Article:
APR 20, 2015 11:18 AM PDT

Could Maple Syrup Help Cut Use of Antibiotics?

WRITTEN BY: Judy O'Rourke
A concentrated extract of maple syrup makes disease-causing bacteria more susceptible to antibiotics, according to laboratory experiments by researchers at McGill University, Montreal.

The findings, which will be published in the journal Applied and Environmental Microbiology, suggest that combining maple syrup extract with common antibiotics could increase the microbes' susceptibility, leading to lower antibiotic usage. Overuse of antibiotics fuels the emergence of drug-resistant bacteria, which has become a major public-health concern worldwide.
Vimal Maisuria (left) and Nathalie Tufenkji in the lab.
Professor Nathalie Tufenkji's research team in McGill's Department of Chemical Engineering prepared a concentrated extract of maple syrup that consists mainly of phenolic compounds. Maple syrup, made by concentrating the sap from North American maple trees, is a rich source of phenolic compounds.

The researchers tested the extract's effect in the laboratory on infection-causing strains of certain bacteria, including E. coli and Proteus mirabilis (a common cause of urinary tract infection).

By itself, the extract was mildly effective in combating bacteria. But the maple syrup extract was particularly effective when applied in combination with antibiotics. The extract also acted synergistically with antibiotics in destroying resistant communities of bacteria known as biofilms, which are common in difficult-to-treat infections, such as catheter-associated urinary tract infections.

"We would have to do in vivo tests, and eventually clinical trials, before we can say what the effect would be in humans," Tufenkji says. "But the findings suggest a potentially simple and effective approach for reducing antibiotic usage. I could see maple syrup extract being incorporated eventually, for example, into the capsules of antibiotics."

The scientists also found that the extract affects the gene expression of the bacteria, by repressing a number of genes linked with antibiotic resistance and virulence.

All maple syrup samples used in the study were purchased at local markets in Montreal, then frozen until the beginning of each experiment, which involved a series of steps to produce the phenolic-rich extract.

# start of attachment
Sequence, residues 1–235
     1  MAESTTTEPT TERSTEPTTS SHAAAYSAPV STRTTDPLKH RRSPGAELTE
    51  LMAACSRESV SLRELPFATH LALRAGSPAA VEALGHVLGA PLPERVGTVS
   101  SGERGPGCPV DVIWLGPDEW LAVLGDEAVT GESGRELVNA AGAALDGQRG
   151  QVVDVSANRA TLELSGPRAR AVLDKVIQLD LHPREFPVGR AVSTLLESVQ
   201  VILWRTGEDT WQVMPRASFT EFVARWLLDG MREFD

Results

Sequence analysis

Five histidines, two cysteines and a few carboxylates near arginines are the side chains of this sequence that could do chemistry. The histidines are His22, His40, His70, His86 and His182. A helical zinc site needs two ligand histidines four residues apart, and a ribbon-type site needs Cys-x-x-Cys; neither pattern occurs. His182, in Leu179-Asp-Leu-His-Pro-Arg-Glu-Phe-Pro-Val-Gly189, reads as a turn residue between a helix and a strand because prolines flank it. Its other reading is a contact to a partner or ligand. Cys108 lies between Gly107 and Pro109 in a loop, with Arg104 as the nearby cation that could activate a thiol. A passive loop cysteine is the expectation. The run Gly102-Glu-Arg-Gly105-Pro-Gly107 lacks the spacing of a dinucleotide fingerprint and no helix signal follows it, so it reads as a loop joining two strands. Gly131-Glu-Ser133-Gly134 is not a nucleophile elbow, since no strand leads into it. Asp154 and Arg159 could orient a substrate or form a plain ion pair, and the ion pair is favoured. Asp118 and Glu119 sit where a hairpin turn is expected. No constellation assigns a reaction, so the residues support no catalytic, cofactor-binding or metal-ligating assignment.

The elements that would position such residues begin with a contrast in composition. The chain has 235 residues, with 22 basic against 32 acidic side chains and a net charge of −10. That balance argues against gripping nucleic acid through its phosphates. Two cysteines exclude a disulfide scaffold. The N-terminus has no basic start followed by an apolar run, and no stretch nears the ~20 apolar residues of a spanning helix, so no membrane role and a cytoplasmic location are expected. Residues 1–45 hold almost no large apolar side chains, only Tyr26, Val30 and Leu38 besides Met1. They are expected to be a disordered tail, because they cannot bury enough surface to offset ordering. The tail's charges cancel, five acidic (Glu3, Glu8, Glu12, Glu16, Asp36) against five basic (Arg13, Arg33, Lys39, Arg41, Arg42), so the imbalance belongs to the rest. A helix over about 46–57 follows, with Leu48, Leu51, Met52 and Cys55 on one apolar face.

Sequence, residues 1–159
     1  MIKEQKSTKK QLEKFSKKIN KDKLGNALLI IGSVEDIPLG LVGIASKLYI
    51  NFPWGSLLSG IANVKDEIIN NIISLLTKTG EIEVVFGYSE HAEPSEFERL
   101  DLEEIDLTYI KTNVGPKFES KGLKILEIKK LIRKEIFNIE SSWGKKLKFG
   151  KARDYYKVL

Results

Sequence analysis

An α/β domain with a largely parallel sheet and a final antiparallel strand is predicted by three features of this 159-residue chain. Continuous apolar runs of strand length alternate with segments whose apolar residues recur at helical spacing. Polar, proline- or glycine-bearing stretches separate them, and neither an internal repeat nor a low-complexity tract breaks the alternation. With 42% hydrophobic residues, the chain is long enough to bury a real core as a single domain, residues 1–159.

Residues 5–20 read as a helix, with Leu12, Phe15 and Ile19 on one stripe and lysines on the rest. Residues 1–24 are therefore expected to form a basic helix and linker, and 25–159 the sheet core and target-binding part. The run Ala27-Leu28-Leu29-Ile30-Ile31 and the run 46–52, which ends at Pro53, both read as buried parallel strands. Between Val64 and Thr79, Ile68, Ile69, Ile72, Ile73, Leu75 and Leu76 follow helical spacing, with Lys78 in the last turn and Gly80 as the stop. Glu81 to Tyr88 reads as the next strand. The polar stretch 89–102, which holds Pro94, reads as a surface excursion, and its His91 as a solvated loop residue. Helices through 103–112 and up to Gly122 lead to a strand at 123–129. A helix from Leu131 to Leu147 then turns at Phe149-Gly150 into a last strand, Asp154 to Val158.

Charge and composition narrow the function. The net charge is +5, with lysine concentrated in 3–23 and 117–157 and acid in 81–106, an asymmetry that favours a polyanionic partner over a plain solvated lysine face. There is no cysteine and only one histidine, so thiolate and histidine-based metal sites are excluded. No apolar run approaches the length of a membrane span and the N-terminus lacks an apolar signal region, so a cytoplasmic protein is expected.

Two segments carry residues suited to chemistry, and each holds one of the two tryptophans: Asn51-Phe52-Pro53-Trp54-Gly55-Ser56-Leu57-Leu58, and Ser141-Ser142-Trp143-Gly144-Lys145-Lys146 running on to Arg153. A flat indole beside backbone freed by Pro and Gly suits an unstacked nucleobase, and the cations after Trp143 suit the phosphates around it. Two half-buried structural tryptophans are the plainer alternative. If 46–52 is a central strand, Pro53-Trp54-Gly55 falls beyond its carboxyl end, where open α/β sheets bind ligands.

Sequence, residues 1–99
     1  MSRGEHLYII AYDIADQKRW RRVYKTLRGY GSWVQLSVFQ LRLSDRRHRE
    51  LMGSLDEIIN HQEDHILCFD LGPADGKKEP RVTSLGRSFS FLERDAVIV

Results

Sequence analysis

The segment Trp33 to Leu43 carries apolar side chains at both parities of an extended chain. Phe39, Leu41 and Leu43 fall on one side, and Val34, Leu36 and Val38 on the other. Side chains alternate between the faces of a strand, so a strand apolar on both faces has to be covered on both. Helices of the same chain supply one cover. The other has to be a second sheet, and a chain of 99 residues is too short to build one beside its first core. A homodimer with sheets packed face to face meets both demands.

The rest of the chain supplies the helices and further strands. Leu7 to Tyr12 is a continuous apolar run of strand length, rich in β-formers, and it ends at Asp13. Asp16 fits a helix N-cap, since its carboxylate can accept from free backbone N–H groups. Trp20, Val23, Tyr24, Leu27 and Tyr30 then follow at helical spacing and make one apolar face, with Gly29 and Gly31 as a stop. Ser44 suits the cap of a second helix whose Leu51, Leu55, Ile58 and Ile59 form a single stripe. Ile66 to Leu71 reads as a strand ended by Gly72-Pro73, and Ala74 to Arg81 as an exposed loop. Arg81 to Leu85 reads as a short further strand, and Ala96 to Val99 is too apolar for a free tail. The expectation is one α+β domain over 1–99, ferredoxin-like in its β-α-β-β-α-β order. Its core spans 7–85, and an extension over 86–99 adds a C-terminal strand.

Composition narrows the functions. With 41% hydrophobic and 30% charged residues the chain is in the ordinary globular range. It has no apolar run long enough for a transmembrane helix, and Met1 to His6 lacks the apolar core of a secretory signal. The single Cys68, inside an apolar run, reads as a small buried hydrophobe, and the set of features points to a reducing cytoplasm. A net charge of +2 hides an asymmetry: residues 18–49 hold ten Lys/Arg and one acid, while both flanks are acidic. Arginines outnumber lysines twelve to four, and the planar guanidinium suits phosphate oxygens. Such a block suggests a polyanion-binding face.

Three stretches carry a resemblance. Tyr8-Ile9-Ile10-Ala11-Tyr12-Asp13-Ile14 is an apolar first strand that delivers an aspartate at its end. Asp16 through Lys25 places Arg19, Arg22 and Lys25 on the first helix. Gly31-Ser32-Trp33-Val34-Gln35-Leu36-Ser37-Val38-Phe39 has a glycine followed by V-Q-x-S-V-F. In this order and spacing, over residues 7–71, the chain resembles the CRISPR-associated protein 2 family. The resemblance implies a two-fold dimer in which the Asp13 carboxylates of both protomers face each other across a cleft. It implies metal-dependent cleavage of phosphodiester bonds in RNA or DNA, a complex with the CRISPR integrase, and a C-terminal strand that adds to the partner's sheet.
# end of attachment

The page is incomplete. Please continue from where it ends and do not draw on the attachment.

Tufenkji, who holds the Canada Research Chair in Biocolloids and Surfaces, has also studied the potential for cranberry derivatives to fight infection-causing bacteria.

The article is "Polyphenolic Extract from Maple Syrup Potentiates Antibiotic Susceptibility and Reduces Biofilm Formation of Pathogenic Bacteria," by Vimal B. Maisuria, Zeinab Hosseinidoust, and Nathalie Tufenkji.

[Source: McGill University]
About the Author
  • Judy O'Rourke worked as a newspaper reporter before becoming chief editor of Clinical Lab Products magazine. As a freelance writer today, she is interested in finding the story behind the latest developments in medicine and science, and in learning what lies ahead.
You May Also Like
OCT 18, 2019
Genetics & Genomics
OCT 18, 2019
Does Diet Shape Our Microbiome More than Genetics?
Recent findings from mouse studies have concluded that genetics may have a more important role than environmental factors in the composition of the microbi...
OCT 18, 2019
Microbiology
OCT 18, 2019
Picturing a New Kind of Antibiotic
Scientists have deciphered the X-ray crystal structure of an enzyme that generates a unique broad spectrum antibiotic called obafluorin....
OCT 18, 2019
Microbiology
OCT 18, 2019
Researchers Find That Rift Valley Fever Can Spread in US Livestock
Mosquitoes spread the virus that causes Rift Valley Fever, which is usually seen in cattle but can infect people....
OCT 18, 2019
Microbiology
OCT 18, 2019
Harmful Algae Blooms Blamed for the Deaths of Several Pets
People and pet owners, especially in the Southeast but all across the nation are being warned to watch out for harmful algae blooms....
OCT 18, 2019
Genetics & Genomics
OCT 18, 2019
Gut Microbes can Significantly Impact Host Gene Expression
We all carry a vast number of microbes with us, and the microbial community in the gut is closely linked to our health and well-being....
OCT 18, 2019
Cell & Molecular Biology
OCT 18, 2019
Why TB and HIV Occur Together So Often
Tuberculosis (TB) is among the world’s leading causes of death, and is the primary cause of death in people who are HIV-positive....
Loading Comments...